DAY THREE OF CHÖD TEACHINGS: "SEEING OURSELVES AS PART OF OTHERS"
28th October – Dorzong Monastery, Gopalpur.
For the third consecutive day, around a thousand disciples of His Holiness the 17th Karmapa made their way from the surrounding valley and mountainsides back to Dorzong Monastic Institute. Sited on a hilltop and nestled amidst pristine forest as far as the eye can see, the exquisitely painted main shrine hall of Dorzong Institute offers an ideal setting for this historical Dharma transmission by His Holiness on Chöd practice. The skilled hand of the 8th Dru-gu Choegyal Rinpoche, a highly accomplished artist, was everywhere in sight both in the elaborately painted main shrine hall and throughout the institute's grounds.
The first topic for today's session was a history lesson. Recounting key events from the remarkable life of Machig Labdron, the Gyalwang Karmapa stated that Machig Labdron was taught by her mother to read, and gained so extraordinary a level of proficiency that she used to read the 8,000-verse Prajnaparamita Sutra twice a day. His Holiness the Karmapa noted that the fact that it was her mother who taught her was particularly striking to him, as even today, in the area of Tibet where he was born, it was rare for women to be taught to read. Gyalwang Karmapa recollected that his own father had created a stir in the area by teaching all of his own children to read, including the girls. His Holiness said that his sister—who is now present with him in India and was in fact attending the teaching—also excelled as a young girl at reading Tibetan.
As the Gyalwang Karmapa detailed Machig Labdron's spiritual accomplishments, he made it clear that hers was a tradition of direct experience of Prajnaparamita. Although she had many male disciples as well as female, His Holiness observed that her Dharma system was extremely beneficial for women.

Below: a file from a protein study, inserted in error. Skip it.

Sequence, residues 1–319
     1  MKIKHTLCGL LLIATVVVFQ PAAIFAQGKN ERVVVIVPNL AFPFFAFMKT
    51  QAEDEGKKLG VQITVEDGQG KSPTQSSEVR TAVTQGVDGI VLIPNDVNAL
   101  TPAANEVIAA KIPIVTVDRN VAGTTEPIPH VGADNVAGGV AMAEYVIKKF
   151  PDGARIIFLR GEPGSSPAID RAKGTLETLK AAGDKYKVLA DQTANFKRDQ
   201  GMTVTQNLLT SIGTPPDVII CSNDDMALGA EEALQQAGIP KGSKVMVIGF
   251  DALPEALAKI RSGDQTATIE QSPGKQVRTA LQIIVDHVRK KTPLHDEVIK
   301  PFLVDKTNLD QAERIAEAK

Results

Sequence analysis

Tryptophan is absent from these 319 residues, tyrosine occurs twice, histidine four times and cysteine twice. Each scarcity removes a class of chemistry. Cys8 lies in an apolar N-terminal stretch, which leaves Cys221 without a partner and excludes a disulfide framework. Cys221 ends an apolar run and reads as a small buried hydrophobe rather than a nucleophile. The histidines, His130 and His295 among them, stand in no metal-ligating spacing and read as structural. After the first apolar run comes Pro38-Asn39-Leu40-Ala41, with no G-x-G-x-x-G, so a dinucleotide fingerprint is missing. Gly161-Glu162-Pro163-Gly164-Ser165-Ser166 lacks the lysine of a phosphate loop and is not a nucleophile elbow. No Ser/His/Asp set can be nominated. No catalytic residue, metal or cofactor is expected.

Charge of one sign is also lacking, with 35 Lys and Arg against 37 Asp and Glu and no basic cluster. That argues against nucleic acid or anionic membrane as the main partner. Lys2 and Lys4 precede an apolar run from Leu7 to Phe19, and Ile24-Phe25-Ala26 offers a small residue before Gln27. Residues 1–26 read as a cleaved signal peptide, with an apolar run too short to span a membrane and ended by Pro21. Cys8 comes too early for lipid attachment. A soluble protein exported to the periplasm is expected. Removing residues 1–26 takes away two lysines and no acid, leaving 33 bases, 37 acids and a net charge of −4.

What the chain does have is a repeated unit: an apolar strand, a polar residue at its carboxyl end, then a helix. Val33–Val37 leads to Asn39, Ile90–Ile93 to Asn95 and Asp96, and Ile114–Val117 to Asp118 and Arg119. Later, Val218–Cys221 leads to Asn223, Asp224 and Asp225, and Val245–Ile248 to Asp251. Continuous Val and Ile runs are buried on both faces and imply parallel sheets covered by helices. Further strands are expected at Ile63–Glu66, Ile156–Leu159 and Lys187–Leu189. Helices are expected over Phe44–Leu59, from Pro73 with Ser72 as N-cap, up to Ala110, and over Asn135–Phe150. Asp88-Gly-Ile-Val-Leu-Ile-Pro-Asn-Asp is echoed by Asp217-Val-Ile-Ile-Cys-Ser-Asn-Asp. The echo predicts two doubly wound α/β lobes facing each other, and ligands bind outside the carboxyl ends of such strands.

As he resumed the commentary on the 8th Gyalwang Karmapa's instructions for seven-day retreat, His Holiness turned to the practice of offering the body (Sanskrit: dehad?na; Tibetan: lüjin), which is the meditation theme for the sixth day of the weeklong retreat.
From time to time, His Holiness switched into English to clarify a point or elaborate on the translation. Throughout the three days, the humorous interplay between the English translator, Tyler Dewar, and His Holiness has served as an expression of the joy shared by lama and audience.
Cautioning that until one has attained the bodhisattva's bhumis, one is not literally enjoined to offer one's body, the Gyalwang Karmapa described an occasion from a past life of Buddha Shakyamuni, when he cut off his head and offered it to someone who had asked for it. The Gyalwang Karmapa then laughingly interjected that if we say someone first cut off his own head and then gave it, the wording of this just sounds wrong.
Widening the scope of what might initially be understood as lüjin, His Holiness stressed that in this practice we train ourselves in giving everything—including the merit and karmic fruits that come from giving. Doing so, he explained, helps us cut our clinging to self.
Sharing with the audience his personal vision of this practice, His Holiness described it as letting go and extending to see ourselves as part of all sentient beings. "What we take to be us and what we take to be others are not two separate things," he said. "Our body, speech and mind and the body, speech and mind of other sentient beings are not two separate things."
Chöd practice prepares us to transform our relationship to the five psycho-physical aggregates that ordinarily form the basis of what we think of as "I." When we do the practice fully, he explained, these five aggregates that were previously the focus of our self-fixation are no longer seen as "I" or "mine." As such, the result of successful Chöd practice is to sever the self-fixation that is the root of all our suffering.
As the 8th Gyalwang Karmapa's description of the seven week retreat drew to a close, so too did these three extraordinary days of empowerment and teachings by the 17th Gyalwang Karmapa. The final day of the retreat, like the final portion of the session, is devoted to dedication of merit. We dedicate in order to ensure that our practice takes us in the direction we want to go, His Holiness explained. Surely no one in the audience at that moment wished to go anywhere at all, as both organizers and His Holiness uttered many warm words of thanks. Thus drew to a close this historical occasion, when His Holiness the 17th Karmapa for the first time in this lifetime transmitted a practice in which the Gyalwang Karmapa has been an important lineage holder for 14 lifetimes.